In user environments where files are frequently accessed, distributed file systems would need to deal with a large number of requests. Obviously, this reduces performance since each request is sent as a message to the server and the result/response is also sent back as a message.
Here’s your solution for this: Caching.
The use of caching, rather than remote access, can significantly improve performance. Caching isn’t the same as file replication. It involves copying a part or even the whole file into main memory. It is particularly useful in providing fault tolerance and scalability. Make sure you set up you system to do this.
Handling a Large Number of Small Files
Another challenge that is intrinsic to these types of distributed file systems is the handling a massive number of small files. This seriously restricts the performance. This is because DFS systems, especially those adopted to support cloud storage, were primarily designed to optimize access to large files. They leverage the combined block storage technique to store files; however, such a technique is inefficient when used to access files randomly.
Solution: To efficiently manage massive amounts of small files, design a new metadata structure that will help decrease the size of the original metadata. This helps to increase file accessing speed.
Broken Links (Bad), and the Solution (Good)
The issue of broken links when users change file, folder or drive names where linked files are stored, can be major. This problem also occurs when the folder containing a linked file or the file itself is moved to a new location.
Depending on the number of documents that rely on one or more linked files, such data operations can cause thousands of broken links. What’s more, the initial data migration to a DFS (whether Cloud or on-premises) will cause broken links by the thousands or even millions. Ah, but it doesn’t have to. And that’s good news because manually searching for and updating each file with one or more broken links is an incredibly time-consuming task — one that may take a lot of financial resources to execute, not to mention taking up your nights and weekends (certainly bad for your golf handicap, your vacation plans, your family…) So, what is this solution?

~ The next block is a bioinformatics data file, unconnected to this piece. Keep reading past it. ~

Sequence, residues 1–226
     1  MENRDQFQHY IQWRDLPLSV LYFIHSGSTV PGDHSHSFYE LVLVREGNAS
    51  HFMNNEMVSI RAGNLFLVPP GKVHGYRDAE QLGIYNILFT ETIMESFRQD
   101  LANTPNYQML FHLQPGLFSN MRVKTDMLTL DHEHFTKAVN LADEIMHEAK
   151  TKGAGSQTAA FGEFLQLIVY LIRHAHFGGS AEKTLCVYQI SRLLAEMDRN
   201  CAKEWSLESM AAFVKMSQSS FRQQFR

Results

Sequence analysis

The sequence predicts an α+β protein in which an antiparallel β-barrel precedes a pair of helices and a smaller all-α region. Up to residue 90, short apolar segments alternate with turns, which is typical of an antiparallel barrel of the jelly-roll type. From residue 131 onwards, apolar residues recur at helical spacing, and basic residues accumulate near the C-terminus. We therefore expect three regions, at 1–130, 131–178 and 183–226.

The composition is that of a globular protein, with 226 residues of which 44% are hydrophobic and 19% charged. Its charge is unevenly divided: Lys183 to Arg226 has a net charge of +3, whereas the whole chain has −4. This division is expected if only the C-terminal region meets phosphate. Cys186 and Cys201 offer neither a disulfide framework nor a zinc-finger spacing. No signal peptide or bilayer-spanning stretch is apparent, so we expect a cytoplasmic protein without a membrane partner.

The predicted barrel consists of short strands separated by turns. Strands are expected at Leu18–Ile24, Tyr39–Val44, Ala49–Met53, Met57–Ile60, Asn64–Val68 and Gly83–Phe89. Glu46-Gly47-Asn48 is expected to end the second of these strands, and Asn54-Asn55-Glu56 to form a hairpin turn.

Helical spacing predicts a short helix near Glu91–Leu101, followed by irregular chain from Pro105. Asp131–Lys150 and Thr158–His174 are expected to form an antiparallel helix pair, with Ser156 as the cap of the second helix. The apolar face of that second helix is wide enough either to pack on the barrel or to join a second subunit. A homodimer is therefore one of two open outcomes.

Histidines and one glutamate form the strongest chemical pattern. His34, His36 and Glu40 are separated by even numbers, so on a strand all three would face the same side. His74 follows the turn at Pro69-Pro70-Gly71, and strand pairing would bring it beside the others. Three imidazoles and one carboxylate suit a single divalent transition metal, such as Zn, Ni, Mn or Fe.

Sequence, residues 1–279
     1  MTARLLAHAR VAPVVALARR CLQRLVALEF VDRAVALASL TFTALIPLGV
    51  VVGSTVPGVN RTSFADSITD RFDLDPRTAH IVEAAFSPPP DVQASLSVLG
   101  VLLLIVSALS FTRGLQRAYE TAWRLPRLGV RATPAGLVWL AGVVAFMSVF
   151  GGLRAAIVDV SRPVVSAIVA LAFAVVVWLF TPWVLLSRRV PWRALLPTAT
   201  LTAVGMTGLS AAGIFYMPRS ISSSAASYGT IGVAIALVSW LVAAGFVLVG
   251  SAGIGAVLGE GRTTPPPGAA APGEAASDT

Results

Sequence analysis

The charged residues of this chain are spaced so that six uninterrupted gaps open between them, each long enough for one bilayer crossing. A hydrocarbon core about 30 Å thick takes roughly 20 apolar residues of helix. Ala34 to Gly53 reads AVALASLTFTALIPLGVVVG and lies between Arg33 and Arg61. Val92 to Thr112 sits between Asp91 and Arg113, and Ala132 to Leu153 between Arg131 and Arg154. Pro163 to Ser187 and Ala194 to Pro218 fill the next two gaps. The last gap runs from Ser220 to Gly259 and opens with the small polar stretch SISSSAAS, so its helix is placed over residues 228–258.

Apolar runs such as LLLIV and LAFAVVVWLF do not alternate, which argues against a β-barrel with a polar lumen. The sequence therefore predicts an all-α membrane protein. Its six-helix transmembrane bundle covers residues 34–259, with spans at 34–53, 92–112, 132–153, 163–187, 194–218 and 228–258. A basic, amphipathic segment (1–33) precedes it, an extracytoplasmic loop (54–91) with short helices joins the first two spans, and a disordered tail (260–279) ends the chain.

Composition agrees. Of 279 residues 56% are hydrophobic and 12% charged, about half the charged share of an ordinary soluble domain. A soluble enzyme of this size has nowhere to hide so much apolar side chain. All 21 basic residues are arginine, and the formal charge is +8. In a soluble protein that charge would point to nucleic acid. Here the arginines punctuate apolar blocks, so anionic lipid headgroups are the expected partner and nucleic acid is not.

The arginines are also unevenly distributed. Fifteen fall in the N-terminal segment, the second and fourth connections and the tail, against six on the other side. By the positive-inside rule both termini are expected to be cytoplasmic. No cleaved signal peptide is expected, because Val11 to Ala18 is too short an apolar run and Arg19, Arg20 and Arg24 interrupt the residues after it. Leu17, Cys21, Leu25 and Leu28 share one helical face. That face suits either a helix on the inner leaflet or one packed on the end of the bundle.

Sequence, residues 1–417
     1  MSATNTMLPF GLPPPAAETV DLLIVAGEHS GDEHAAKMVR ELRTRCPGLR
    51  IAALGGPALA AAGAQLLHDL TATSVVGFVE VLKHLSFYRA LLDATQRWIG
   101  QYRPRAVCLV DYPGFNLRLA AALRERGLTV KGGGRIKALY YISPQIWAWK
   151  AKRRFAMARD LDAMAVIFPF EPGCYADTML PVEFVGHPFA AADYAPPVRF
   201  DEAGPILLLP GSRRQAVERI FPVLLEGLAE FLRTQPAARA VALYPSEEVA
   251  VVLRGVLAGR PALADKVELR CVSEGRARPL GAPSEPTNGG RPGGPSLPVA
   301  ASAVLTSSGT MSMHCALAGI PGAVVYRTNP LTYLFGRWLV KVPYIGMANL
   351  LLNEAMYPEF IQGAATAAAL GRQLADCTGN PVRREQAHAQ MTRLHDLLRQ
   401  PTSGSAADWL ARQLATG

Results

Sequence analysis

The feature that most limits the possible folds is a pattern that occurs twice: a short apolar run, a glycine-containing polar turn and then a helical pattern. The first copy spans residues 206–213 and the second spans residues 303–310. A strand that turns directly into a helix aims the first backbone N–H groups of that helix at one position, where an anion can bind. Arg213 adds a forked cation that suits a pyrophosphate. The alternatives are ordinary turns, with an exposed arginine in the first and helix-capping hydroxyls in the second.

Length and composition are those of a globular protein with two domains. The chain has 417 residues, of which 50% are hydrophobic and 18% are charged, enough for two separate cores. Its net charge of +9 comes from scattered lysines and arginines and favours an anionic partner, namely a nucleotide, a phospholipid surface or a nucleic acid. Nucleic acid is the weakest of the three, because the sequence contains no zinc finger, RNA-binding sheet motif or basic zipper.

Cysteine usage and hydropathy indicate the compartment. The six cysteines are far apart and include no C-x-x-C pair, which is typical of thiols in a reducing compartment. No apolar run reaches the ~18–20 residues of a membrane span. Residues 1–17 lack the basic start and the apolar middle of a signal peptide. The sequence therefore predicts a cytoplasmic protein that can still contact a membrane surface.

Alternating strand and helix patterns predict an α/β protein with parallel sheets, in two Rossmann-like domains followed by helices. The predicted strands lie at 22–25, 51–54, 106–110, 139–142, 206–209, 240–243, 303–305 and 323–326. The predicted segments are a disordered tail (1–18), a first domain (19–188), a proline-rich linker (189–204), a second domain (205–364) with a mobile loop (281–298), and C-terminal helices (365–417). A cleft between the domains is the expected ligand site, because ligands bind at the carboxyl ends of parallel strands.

The most effective way to handle this problem is by using a tool named LinkFixer Advanced™ to automate the management of file links. LinkFixer Advanced safeguards links during data migrations (and all your other operations) and automatically repairs them when they break. You can check out LinkFixer Advanced via a free trial.
Cloud or Local?
Although there are speed bumps to the successful implementation of a Cloud-based distributed file system, it does provide a well-defined interface for applications that use large-scale persistent storage while their hierarchical namespace provides a flexible way to store large amounts of unstructured data. A Cloud DFS also simplifies administration and sharing, improves reliability and enables simultaneous access from multiple clients. While the same can be generally said about a locally managed DFS system, it really comes down to your organization’s IT human and technical resources.
Simply put, a local DFS implementation may cost less if you have the talent and resources to manage it. A Cloud-based DFS implementation, while seemingly more costly, outsources the expertise and technology requirements to your Cloud provider. This may be more advantageous if you do not have the IT requirements necessary to manage it locally.
The cost-benefit analysis must be weighed from this perspective. If you already have the resources internally, then a local DFS might be a better solution, saving on the cost of the Cloud provider based on your pre-existing IT budget. However, if this is not the case, then a Cloud-based DFS is likely a more cost-effective IT budget spend for you, than investing that budget in the necessary requirements to manage it locally.
As Cloud providers and the industry have matured over the last ten or so years, the fears that many organizations have had with turning their data over to someone else, have become less of an issue. Unless you have already made a significant investment in your existing IT department or have data so sensitive that it cannot be potentially shared, then a Cloud-based DFS may be the best route to follow.